As soon as Macy entered the ring, Larson leaned over to me. “Well?” She didn’t take her gaze off the boxer.

Macy kept glancing at us and his mouth turned in a scowl. He must have known who-and what-I was, and surely he knew about Larson. He noted the conspiracy between us and must have known what it meant. Must have realized the implications.

“Yeah, he is,” I said.

Larson pressed her lips together in an expression of subdued triumph.

“What are you going to do?” I said. “Jump in and announce it to the world?”

“No,” she said. “I’ll wait until the fight’s over for that.” She was already typing on her laptop, making notes for her big exposé. Almost, I wanted no part of this. It was like she held this man’s life in her hands.

But more, I wanted to talk to Macy, to learn how he did this. I knew from experience-vivid, hard-fought experience-that aggression and danger brought the wolf side to the fore. If a lycanthrope felt threatened, the animal, monstrous side of him would rise to the surface to defend him, to use more powerful teeth and claws in the battle.

So how did Macy train, fight, and win as a boxer without losing control of his wolf? I never could have done it.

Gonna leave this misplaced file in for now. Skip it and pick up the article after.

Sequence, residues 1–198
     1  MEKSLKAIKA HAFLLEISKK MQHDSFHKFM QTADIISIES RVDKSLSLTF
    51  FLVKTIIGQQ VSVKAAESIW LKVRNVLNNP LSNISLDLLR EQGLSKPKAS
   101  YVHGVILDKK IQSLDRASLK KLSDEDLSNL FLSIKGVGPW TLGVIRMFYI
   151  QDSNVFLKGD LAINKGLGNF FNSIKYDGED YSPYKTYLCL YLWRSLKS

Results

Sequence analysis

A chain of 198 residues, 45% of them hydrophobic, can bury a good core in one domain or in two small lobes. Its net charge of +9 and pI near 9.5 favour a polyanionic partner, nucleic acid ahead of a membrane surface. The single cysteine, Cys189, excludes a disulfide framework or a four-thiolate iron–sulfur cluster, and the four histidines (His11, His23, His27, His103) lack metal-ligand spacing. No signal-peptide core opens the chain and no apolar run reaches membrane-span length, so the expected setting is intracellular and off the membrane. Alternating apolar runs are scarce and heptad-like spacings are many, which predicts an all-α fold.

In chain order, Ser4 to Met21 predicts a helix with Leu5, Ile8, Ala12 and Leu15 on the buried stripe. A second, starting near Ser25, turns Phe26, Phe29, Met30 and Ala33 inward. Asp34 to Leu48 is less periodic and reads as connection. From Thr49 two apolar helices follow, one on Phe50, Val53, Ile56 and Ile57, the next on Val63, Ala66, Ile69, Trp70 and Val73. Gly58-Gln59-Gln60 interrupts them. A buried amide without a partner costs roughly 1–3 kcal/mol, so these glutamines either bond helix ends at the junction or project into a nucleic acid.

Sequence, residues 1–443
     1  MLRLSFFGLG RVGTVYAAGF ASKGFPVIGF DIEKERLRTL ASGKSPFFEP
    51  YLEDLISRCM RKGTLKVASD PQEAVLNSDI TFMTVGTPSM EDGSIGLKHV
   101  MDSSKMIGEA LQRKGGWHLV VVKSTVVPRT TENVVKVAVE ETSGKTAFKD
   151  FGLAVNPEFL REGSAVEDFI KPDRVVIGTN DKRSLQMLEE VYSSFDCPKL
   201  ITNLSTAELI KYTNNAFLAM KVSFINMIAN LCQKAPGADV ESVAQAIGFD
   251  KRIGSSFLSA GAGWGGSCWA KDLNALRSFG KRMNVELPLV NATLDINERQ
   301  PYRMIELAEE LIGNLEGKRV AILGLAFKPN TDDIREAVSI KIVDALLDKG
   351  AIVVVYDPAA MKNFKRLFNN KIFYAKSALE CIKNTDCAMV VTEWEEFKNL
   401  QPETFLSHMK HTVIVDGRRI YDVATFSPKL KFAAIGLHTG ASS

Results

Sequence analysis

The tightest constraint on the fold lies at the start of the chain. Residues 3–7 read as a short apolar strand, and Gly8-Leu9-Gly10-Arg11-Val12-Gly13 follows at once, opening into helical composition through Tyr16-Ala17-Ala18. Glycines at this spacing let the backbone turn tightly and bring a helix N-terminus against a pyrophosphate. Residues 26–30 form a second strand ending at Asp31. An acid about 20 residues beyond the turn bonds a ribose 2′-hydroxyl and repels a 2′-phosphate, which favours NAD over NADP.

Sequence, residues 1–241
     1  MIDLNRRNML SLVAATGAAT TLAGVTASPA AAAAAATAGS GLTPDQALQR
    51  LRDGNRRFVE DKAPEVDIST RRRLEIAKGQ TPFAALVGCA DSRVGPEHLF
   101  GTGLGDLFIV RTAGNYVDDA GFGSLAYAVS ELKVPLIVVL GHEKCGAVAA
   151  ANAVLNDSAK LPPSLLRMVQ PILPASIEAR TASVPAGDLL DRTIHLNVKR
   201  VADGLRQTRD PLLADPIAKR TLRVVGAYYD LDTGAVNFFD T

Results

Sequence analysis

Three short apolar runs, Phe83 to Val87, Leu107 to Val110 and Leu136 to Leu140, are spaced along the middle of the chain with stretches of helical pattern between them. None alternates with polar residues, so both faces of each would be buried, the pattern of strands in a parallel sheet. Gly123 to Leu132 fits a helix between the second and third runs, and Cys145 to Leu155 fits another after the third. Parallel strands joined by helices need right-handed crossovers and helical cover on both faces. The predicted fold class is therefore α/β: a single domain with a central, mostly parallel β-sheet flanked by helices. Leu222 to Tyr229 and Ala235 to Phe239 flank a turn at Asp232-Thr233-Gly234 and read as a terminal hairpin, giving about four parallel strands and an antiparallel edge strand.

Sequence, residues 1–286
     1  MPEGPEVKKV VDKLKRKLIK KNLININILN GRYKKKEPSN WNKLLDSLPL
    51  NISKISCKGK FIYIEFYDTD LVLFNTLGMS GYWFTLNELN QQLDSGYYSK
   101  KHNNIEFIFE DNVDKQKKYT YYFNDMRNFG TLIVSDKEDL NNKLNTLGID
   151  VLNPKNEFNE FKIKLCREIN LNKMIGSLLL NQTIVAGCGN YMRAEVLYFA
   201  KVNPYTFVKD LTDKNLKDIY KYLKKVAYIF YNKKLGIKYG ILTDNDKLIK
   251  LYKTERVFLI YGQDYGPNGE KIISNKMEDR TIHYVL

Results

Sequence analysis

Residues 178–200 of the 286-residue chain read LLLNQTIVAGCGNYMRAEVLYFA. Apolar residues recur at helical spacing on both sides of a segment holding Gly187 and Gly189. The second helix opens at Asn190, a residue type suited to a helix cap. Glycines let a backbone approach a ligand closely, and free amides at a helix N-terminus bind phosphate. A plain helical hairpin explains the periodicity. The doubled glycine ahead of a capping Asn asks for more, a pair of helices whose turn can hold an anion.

The bout had started. In the ring, the two fighters circled each other-like wolves, almost-separated only by the referee, who seemed small and weak next to them. Then they fell together. Gloves smacked against skin. I winced at the pounding each delivered, jackhammer blows slamming over and over again.

Around me, the journalists in the press box regarded the scene with cool detachment, unemotional, watching the fight clinically, an attitude so at odds with the chaos of the crowd around us.

I flinched at the vehemence of the crowd, the shouts, fierce screams, the wall of emotion like a physical force pressing from all corners of the arena to the central ring. Wolf, the creature inside me, recognized the bloodlust. She-I-wanted to growl, feeling cornered. I hunched my back against the emotion and focused on being human.

The line between civilized and wild was so very thin, after all. No one watching this display could argue otherwise.

They pounded the crap out of each other and kept coming back for more. That was the only way to describe it. An enthusiast could probably talk about the skill of various punches and blocks, maybe even the graceful way they danced back and forth across the ring, giving and pressing in turn in some kind of strategy I couldn’t discern. The strategy may have involved simply tiring each other out. I just waited for it to be over. I couldn’t decide who I was rooting for.